|Two of the girls sparring.|
Courtesy of the NFB / Photo: Rafaela Persson
Coming to Canadian Film Institute (CFI) next week is a special screening of The Boxing Girls of Kabul with director Ariel Nasr in attendance for a Q&A. The Boxing Girls of Kabul, produced by the National Film Board of Canada, is a powerful documentary about a trio of young Afghan women who pursue their passion for the sport in hopes of becoming world-class boxers. The girls’ success is especially noteworthy, as cultural mores discourage them from training for a sport that many in their country deem too aggressive for women. I caught The Boxing Girls of Kabul when it had its world premiere at Hot Docs last May and gave the film four stars, calling it a “well-done observation of how change begins at the personal level.” Following its success at Hot Docs and other festivals, The Boxing Girl of Kabul received a nomination for Best Short Film – Documentary from the Canadian Screen Awards. Nasr was also nominated for an Oscar this year for producing the Live Action Short Buzkashi Boys. Please join the CFI and welcome Nasr when The Boxing Girls of Kabul screens Wednesday, January 30th, at 7:00PM.
Details from the CFI and trailer after the jump:
The Canadian Film Institute (CFI), is pleased to present a special screening of The Boxing Girls of Kabul on Wednesday, January 30th, at 7:00PM.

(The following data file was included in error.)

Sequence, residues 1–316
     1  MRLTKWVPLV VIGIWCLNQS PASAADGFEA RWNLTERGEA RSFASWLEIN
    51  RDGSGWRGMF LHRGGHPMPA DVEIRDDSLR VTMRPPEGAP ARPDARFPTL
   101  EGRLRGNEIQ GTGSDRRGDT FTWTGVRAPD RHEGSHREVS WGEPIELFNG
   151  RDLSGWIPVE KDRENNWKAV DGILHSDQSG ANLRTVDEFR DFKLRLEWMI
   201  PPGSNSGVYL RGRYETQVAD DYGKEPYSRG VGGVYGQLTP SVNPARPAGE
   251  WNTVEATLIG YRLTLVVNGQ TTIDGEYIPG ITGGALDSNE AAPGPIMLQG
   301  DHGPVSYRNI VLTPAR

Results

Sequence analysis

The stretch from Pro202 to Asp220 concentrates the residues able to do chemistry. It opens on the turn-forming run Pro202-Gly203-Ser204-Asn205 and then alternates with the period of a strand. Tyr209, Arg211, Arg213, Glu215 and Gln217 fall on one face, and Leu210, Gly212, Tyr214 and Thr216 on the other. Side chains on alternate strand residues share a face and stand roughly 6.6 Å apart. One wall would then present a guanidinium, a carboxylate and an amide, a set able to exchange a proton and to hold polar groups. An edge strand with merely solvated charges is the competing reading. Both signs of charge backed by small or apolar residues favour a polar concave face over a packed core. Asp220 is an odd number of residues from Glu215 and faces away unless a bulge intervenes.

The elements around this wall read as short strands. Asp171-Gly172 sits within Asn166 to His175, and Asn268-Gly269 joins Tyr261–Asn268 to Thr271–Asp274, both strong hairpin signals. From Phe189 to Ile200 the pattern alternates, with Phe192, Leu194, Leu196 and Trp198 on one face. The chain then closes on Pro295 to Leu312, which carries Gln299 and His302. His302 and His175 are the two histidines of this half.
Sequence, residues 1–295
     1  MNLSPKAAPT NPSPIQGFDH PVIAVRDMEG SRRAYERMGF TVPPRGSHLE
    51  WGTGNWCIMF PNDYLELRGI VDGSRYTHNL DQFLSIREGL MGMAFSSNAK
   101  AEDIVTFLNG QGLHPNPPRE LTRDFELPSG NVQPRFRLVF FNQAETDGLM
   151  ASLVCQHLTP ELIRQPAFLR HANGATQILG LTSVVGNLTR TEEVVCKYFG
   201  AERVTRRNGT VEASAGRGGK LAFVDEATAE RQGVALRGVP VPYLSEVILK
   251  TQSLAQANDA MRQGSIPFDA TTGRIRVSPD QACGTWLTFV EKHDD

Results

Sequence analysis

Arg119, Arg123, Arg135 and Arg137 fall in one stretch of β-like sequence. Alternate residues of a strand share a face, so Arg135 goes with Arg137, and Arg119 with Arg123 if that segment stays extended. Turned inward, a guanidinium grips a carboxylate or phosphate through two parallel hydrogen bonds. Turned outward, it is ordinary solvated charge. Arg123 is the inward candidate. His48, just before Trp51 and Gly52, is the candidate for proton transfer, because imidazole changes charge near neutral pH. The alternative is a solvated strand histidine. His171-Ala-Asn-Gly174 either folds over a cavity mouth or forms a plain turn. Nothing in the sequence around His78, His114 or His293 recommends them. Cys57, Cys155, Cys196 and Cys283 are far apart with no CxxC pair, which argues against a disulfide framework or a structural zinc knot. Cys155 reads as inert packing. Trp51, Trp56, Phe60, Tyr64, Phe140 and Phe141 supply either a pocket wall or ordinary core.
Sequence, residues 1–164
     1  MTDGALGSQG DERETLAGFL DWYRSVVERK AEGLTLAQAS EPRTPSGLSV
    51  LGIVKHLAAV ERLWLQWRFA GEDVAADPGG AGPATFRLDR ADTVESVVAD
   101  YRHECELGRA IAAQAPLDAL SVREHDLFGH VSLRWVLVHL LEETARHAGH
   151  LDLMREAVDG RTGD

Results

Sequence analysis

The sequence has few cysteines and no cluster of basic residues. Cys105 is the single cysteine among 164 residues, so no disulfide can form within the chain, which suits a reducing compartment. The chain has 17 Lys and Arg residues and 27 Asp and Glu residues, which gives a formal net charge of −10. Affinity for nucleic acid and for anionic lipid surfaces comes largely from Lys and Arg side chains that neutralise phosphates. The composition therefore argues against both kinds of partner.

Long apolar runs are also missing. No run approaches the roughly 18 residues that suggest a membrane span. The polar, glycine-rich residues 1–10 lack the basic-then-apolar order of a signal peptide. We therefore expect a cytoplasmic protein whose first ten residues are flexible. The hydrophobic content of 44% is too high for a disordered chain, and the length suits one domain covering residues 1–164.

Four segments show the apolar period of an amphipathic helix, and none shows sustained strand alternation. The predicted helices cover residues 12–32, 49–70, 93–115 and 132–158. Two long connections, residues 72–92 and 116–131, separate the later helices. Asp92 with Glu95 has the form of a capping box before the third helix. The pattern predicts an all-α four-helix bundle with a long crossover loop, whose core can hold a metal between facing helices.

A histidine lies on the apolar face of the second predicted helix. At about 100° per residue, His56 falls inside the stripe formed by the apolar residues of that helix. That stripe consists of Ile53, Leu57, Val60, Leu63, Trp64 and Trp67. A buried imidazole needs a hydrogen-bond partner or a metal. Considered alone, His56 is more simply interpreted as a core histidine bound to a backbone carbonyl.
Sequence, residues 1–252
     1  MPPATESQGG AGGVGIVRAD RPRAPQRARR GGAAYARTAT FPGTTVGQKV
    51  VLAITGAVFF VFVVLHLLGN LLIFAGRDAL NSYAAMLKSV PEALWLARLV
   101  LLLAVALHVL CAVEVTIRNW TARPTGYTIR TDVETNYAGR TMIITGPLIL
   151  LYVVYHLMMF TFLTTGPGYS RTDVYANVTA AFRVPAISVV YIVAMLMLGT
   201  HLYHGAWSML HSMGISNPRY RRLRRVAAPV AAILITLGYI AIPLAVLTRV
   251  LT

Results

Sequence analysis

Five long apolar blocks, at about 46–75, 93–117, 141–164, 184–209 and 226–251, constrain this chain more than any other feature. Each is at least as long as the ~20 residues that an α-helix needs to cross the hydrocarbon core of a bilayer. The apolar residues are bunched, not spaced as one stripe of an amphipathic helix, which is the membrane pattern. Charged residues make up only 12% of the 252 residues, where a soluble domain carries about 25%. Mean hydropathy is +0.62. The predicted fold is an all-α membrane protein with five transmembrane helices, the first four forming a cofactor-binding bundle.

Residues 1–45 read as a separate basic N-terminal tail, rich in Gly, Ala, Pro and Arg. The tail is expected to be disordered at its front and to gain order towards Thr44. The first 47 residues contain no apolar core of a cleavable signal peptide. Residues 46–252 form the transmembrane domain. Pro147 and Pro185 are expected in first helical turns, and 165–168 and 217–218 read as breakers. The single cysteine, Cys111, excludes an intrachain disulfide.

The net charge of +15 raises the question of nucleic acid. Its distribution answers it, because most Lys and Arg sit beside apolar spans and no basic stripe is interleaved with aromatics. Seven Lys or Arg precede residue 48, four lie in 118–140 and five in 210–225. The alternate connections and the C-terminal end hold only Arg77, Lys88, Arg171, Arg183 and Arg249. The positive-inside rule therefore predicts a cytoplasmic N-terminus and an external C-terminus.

Directed by independent Afghan-Canadian filmmaker, Ariel Nasr, this powerful documentary follows three young Afghan women, who risk everything in their pursuit to become world-class boxers, despite training without even the most basic facilities.
Led by their trainer, an ex-boxer who once dreamed of competing in the Olympics, the film follows his proteges as they travel to boxing competitions in Vietnam and Kazakhstan. The film also reveals the life-threatening risks these athletes and their families face by participating in a sport that many in their country believe is inappropriate for women.
A National Film Board production, The Boxing Girls of Kabul was nominated for a Canadian Screen Award while Nasr, the film’s director who makes his home in Montreal, was nominated for an Oscar in the Short Film - Live Action category for his work as a producer on the film Buzkashi Boys.
Nasr will be in attendance to introduce The Boxing Girls of Kabul and, following the screening, will participate in a discussion with CFI executive director Tom McSorley, as well as a question and answer session with the audience.
This special screening will take place at the Auditorium at 395 Wellington Street in Ottawa. Tickets are $12 for the general public and $8 for CFI members, seniors, and students and can be purchased on-site with the box office opening half an hour before the start of the film. Showtime is 7pm.
The Canadian Film Institute (CFI) was incorporated in 1935 as a federally-chartered, non-governmental, non-profit cultural organization. It is the oldest film institution in Canada and the second oldest film institute in the world. More information can be found online at www.cfi-icf.ca.